I agree about your comments regarding historical research. Recently I researched the Puritans and Massachusetts Bay Colony, 1649 AD. In particular, with respect to religious differences within the colonists. I am amazed at the variety of opinions even of how people dressed. For myself, the best information I could find were the articles or court accounts written at that time. I learned so much about the people and their thoughts through these original accounts. Then I found it amazing how different what I learned was from what I thought I knew about the era.
I’ve also been researching another historical period (turn of the 20th Century, Alberta Canada) and found myself delightfully swimming in the colorful (not in the swearing sense) language of the letters and memoirs of that time. I discovered, as I began writing my story set in this period, that people bring to a story their perspective of that period and place, which often is inaccurate. Through the help of my critique group I am finding ways to bend that perspective to be more consistent with the truth. Each time they see something they think is historically incorrect or inconsistent with the region, I know I need to work to make what I write believable based on fact. I discovered something as simple as mentioning a helmet can help the reader picture a sergeant in the NWMP versus a sheriff typically found in American Westerns. Its been fun!
Lynn Squire says
Puzzle Method? Oh dear. I’m just now getting the hang of your Snowflake Method.
Okay, but I’m all ears, and ready to learn.
Robert Treskillard says
I ran across this very interesting article about bacteria being the start of most snowflakes:
Does this mean at the heart of our “Snowflake” novel designs that there must be a “germ” of an idea?
Just having fun! Can’t wait for the “Puzzle Method”.
Kristi Holl says
Can’t wait to hear about the Puzzle Method–although I’ve had such good success with the Snowflake that it would have to be REALLY good for me to bite. 😎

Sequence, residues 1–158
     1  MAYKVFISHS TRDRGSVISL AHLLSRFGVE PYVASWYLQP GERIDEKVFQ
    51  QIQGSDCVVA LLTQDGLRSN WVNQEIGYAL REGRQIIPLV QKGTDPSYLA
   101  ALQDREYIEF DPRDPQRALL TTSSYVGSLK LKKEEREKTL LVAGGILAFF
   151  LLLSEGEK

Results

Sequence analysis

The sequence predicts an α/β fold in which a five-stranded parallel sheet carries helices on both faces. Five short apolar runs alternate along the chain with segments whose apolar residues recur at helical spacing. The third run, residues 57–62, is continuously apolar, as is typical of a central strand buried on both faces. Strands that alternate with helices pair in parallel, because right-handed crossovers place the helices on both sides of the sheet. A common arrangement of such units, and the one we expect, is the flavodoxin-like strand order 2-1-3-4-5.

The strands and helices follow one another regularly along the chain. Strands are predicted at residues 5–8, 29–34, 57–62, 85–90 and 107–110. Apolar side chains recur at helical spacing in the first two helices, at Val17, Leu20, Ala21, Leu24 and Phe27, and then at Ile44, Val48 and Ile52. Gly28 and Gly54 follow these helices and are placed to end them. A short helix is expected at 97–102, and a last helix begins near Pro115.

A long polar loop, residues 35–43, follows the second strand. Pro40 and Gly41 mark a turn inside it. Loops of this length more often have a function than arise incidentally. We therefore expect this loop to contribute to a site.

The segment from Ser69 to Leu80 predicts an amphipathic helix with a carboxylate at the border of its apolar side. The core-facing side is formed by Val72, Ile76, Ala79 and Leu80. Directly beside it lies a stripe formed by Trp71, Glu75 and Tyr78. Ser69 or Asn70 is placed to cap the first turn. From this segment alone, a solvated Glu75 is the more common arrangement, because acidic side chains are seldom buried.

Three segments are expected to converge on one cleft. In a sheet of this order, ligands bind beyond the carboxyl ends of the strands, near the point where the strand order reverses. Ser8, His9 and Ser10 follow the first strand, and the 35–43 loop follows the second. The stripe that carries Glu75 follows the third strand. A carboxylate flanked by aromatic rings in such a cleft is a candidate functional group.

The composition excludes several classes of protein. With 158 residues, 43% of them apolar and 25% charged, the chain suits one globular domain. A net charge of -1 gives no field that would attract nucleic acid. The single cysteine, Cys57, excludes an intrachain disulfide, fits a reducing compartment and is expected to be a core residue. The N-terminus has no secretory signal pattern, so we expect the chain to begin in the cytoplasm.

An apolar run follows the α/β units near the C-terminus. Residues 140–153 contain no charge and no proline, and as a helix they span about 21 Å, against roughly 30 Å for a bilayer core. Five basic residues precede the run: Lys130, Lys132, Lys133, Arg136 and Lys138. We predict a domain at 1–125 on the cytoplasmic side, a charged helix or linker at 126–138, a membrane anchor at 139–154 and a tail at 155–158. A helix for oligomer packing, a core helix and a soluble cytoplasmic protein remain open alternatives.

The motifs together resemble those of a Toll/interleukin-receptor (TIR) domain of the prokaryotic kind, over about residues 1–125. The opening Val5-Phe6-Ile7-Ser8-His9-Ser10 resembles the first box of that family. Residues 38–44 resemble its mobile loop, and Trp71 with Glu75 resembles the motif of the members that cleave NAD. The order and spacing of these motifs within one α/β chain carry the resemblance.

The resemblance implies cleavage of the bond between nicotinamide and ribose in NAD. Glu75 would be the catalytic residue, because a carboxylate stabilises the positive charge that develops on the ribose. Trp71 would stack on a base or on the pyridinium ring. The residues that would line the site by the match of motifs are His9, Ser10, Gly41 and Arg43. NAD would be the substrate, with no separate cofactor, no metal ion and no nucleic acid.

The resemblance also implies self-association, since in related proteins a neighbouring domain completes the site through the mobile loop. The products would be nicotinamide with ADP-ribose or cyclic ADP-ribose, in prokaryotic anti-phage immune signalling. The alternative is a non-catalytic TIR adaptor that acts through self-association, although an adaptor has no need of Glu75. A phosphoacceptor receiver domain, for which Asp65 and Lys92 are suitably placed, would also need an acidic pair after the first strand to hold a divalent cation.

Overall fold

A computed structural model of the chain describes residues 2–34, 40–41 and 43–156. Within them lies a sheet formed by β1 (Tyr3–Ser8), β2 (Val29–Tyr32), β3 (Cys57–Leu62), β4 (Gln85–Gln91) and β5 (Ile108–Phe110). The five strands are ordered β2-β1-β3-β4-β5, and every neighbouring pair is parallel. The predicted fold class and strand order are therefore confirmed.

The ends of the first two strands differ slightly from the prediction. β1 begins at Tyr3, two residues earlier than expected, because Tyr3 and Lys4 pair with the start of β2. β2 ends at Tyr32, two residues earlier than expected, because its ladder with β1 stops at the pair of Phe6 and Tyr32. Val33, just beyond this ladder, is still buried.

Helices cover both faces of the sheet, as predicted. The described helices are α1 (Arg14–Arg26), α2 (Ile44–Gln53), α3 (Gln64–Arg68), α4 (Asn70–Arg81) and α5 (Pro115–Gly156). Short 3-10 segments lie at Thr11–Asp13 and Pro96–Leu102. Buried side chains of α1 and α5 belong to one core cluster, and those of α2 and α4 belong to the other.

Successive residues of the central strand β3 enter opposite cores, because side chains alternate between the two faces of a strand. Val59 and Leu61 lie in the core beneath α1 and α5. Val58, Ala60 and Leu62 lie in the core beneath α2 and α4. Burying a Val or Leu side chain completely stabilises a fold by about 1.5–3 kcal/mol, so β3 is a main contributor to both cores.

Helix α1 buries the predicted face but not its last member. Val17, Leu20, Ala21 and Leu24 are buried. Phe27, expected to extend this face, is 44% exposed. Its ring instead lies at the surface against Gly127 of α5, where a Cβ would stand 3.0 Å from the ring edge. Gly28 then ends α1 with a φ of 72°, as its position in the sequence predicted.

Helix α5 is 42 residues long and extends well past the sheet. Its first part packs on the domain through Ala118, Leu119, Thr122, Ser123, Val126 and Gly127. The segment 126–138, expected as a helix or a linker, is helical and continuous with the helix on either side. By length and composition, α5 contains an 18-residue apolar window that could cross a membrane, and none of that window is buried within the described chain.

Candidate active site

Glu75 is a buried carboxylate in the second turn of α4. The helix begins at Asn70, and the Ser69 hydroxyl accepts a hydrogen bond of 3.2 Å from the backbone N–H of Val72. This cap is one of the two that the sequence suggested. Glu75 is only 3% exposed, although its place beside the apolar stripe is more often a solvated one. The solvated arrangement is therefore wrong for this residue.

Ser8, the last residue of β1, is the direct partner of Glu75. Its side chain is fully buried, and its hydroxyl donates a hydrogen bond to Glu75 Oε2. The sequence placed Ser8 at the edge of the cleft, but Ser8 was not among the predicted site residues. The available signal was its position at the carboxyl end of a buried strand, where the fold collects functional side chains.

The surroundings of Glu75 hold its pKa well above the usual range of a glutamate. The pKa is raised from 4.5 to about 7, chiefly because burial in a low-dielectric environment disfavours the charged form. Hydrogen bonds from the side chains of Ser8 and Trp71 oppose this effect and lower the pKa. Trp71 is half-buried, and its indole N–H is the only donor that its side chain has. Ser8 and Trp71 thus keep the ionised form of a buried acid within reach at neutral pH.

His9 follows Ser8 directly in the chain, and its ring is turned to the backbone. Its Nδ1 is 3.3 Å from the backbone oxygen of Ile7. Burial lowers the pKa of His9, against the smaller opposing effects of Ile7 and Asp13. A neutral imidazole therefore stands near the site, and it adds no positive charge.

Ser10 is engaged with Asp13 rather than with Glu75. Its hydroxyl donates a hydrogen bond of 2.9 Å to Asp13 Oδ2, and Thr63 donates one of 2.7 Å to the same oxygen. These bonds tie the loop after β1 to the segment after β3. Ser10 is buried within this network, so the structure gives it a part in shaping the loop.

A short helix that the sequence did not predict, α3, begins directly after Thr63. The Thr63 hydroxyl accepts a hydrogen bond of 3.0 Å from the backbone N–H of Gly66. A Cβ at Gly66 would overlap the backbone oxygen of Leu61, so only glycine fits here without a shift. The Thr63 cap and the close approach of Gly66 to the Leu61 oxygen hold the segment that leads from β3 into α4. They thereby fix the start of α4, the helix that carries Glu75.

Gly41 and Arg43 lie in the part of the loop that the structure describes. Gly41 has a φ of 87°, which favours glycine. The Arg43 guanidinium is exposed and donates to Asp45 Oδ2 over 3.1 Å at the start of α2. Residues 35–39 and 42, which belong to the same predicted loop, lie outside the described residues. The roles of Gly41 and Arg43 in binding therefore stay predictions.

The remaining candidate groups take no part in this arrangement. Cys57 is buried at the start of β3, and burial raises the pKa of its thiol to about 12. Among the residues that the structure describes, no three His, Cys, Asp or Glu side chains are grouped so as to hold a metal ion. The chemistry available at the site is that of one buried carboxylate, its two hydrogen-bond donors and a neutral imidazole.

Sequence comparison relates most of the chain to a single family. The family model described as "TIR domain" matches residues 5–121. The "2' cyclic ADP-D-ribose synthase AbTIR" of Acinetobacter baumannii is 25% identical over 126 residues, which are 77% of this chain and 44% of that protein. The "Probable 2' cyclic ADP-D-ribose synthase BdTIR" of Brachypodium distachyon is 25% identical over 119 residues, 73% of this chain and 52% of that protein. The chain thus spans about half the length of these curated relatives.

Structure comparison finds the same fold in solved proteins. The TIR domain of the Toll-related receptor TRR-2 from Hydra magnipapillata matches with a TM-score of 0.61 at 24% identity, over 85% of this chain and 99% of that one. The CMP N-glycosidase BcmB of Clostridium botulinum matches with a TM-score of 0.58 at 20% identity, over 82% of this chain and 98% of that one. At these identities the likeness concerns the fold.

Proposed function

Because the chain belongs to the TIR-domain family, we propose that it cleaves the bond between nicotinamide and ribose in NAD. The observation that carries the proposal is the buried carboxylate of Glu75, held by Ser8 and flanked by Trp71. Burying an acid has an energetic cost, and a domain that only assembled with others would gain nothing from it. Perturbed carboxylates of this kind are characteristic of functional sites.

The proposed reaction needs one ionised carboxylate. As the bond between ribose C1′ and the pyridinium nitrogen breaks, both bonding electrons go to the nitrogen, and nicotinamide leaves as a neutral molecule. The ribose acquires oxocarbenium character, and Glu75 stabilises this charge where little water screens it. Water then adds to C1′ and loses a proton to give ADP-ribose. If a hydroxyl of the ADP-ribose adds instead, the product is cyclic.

M.L. Eqatin says
Josephus is first-century pulp fiction. Did you see the really brilliant marketer who put out his works under the subtitle ‘Thrones of Blood’?
I once taught a class on Josephus, and only three people showed up. If I ever do it again, I’m going to call it ‘Sex, Death, and Taxes in the first century’. That should bring them in. There’s a lot in a title. I just did a talk on global trade patterns during the 1500s, but I have learned enough not to call it that. It was ‘Pirate Sails and Caravan Trails-the deadly intrigues of exotic trade’. That worked!
Sharon Lavy says
I have one of Josephis’ books. I didn’t know he had written two. sigh. What is the name of the other one? The one I have says JOSEPHUS Complete Works published by Kregel in 1974
Melissa Stroh says
Thanks a bunch, Randy! That’s how I’ve always thought. I prefer my stories to be character driven anyway. The history’s just the added bonus. It was at my first writer’s conference that I was told that stuff about research and I was a real newbie then(grant it I’m still learning and not published). But even then it sounded excessive to me. I was just too chicken to say so because she was the published author and I was just a beginner.
I haven’t yet had a chance to read Josephus’ work, though I learned much about him in Bible school/college. One day I hope to get around to reading his works. But my plate’s a little full right now. Thanks again!
Eva Ulian says
It was such a relief to read your views on historical writing- all good common sense stuff. I was particularly relieved because it was confirmation of what I had been doing but could not be sure it was okay. Furthermore, you added one or two points which enlightened me somewhat about figuring out what happened when all else is blank. It was also nice to know that you are into this history stuff- I fell into it by accident- and I’ve been there ever since- I know it’s asking a lot but if ever you get a chance to read an extract of my work (entry no 48 of my blog) I would consider myself a very lucky lady indeed! I hope this will not cause you problems and you become swamped with similar requests.
I enjoy reading your blog and have put into action quite a number of your tips.
Hmmmm…. as for what someone said about literary novels not being exciting because people don’t like to read about ideas, I kind of disagree. The thing is how your character changes througout the novel is going to determine your theme/premise, so really, the book is about that. Books can be exciting and symbolic at the same time. A perfect example of this is the Lord of the Flies which is full of meaning, but still enthralling, in my opinion.
Can’t wait to hear about the puzzle method. I personally, like the snowflake’s idea, but when it comes down to it, I’ve mofied it so that many of the first steps are just me brainstorming in the shower :P.
I got a grin out of MLE’s titles. I wonder if that would work with casseroles.
Karla Akins says
Josephus rocks. Another source I use is The Annals of the World by James Ussher. And believe me, most sources contradict one another, especially when it comes to ancient history. I always let my students know this, too. “We weren’t there,” I tell them. “So there’s no way to know for sure.”
I also use children’s books when I need just a general explanation of something. They put things succinctly and save me a lot of time.